Since the mid-1990s the UN, in tandem with major western powers, has embarked upon an ambitious effort of peace support operations in Africa. The results of what we may call the ‘Annan experiment’ are not yet in. But there are good reasons to fear that, in many African countries, such peace operations have defend normative outcomes that are beyond realistic expectation, so that they can never hope to ‘succeed’. This article examines the political and economic functioning of fragile African states using the lens of a ‘political marketplace’ in which local elites seek to obtain the highest reward for their loyalty, over short time horizons, within patrimonial systems. In such systems, political institutions are incapable of managing confect, which means that standard peacemaking efforts and peacekeeping operations do not align with domestic possibilities for settlement. To the contrary, external engagements can so distort domestic political markets that they obstruct national political bargaining and result in an open-ended commitment to peacekeeping in countries such as the Democratic Republic of Congo and Sudan.
United Nations Security Council, ‘No exit without strategy: Security Council decision-making and the closure or transition of United Nations peacekeeping operations’, Report of the Secretary General, UN S/2001/391, New York, 20 April 2001, p. 2.
Victoria K. Holt and Tobias C. Berkman, The impossible mandate? Military preparedness, the responsibility to protect and modern peace operations (Washington DC: Henry L. Stimson Center, 2006).
World Bank Independent Evaluation Group, Engaging with fragile states: an IEG review of World Bank support to low-income countries under stress (Washington DC: World Bank, 2006).
Ashraf Ghani and Clare Lockhart, Fixing failed states: a framework for rebuilding a fractured world (Oxford: Oxford University Press, 2008).
Simon Chesterman, Michael Ignatieff and Ramesh Thakur, ‘Conclusion: the future of state-building’, in Simon Chesterman, Michael Ignatieff and Ramesh Thakur, eds, Making states work: state failure and the crisis of governance (Tokyo: UN University Press, 2005), p. 384.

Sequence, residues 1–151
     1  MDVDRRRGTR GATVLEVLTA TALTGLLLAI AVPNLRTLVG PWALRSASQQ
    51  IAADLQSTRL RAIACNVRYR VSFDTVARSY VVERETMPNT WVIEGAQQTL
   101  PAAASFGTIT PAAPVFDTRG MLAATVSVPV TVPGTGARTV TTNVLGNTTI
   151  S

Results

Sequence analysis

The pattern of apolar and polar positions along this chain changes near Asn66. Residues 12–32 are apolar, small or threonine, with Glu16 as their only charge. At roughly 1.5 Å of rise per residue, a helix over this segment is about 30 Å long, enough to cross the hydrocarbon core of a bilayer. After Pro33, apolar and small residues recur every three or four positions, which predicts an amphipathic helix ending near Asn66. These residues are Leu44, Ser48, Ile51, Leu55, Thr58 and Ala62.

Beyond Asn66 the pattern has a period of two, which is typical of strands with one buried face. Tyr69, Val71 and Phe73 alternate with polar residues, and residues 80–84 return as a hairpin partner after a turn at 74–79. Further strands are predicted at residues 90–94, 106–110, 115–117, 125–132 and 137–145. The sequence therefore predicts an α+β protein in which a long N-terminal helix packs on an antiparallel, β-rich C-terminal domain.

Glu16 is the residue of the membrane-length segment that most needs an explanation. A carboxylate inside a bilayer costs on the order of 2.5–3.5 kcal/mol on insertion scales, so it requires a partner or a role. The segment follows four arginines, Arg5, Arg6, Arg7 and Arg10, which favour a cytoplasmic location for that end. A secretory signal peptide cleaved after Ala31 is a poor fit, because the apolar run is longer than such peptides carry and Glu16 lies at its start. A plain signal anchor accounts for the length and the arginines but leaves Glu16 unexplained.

Samuel Huntington, Political order in changing societies (New Haven, CT: Yale University Press, 1968), p. 1.
Joshua Forrest, Lineages of state fragility: rural civil society in Guinea-Bissau (Athens, OH: Ohio University Press, 2003).
Michael Schatzberg, Political legitimacy in Middle Africa: father, family, food (Bloomington, IN: Indiana University Press, 2001).
Patrick Chabal and Jean-Pascal Daloz, Africa works: disorder as political instrument (London: James Currey, 1999).
Mary Kaldor, New and old wars: organized violence in a global era (Cambridge: Polity, 1999).
Virginia Page Fortna, Does peacekeeping work? Shaping belligerents' choices after civil war (Princeton, NJ: Princeton University Press, 2008).
The state failure and state fragility model is now coming under critique for precisely this reason. See Failures of the state failure debate: evidence from the Somali territories’, Journal of International Development 20: 7, 2008, available at www3.interscience.wiley.com/journal/109866190issue, accessed 4 December 2008.and , ‘
Alex de Waal, ‘Sudan: the turbulent state’, in Alex de Waal, ed., War in Darfur and the search for peace (Cambridge, MA: Harvard University Press, 2007).
Robert Bates, When things fell apart: state failure in late century Africa (Cambridge: Cambridge University Press, 2008).
Cf. Frederic Schaffer, Democracy in translation: understanding politics in an unfamiliar culture (Ithaca, NY: Cornell University Press, 1998).
Jean-François Bayart, The state in Africa: the politics of the belly, new edn (London: Wiley, forthcoming 2009).
Achille Mbembe, On the postcolony (Berkeley: University of California Press, 2002).
This analysis suggests that the model developed by Kalyvas for violence in civil war is applicable to cases of institutionalized adversaries and needs revision when applied to violence in a patrimonial marketplace: see Stathis Kalyvas, The logic of violence in civil war (Cambridge: Cambridge University Press, 2006).
Alex de Waal, ‘The politics of destabilization in the Horn, 1989–2001′, in Alex de Waal, ed., Islamism and its enemies in the Horn of Africa (London: Hurst, 2004).
David Keen, Conflict and collusion in Sierra Leone (Oxford: James Currey, 2005).
We can note in passing that humanitarians also become drawn in to the localizing process. Because humanitarian operations and outcomes are so closely linked to the nature of violence in the political bargaining process, very senior aid officials also become experts at the minutiae of community politics in DRC and Darfur.
UN Security Council, ‘No exit without strategy’, p. 4.
International Commission on Intervention and State Sovereignty, The responsibility to protect (Ottawa: International Development Research Centre, 2001).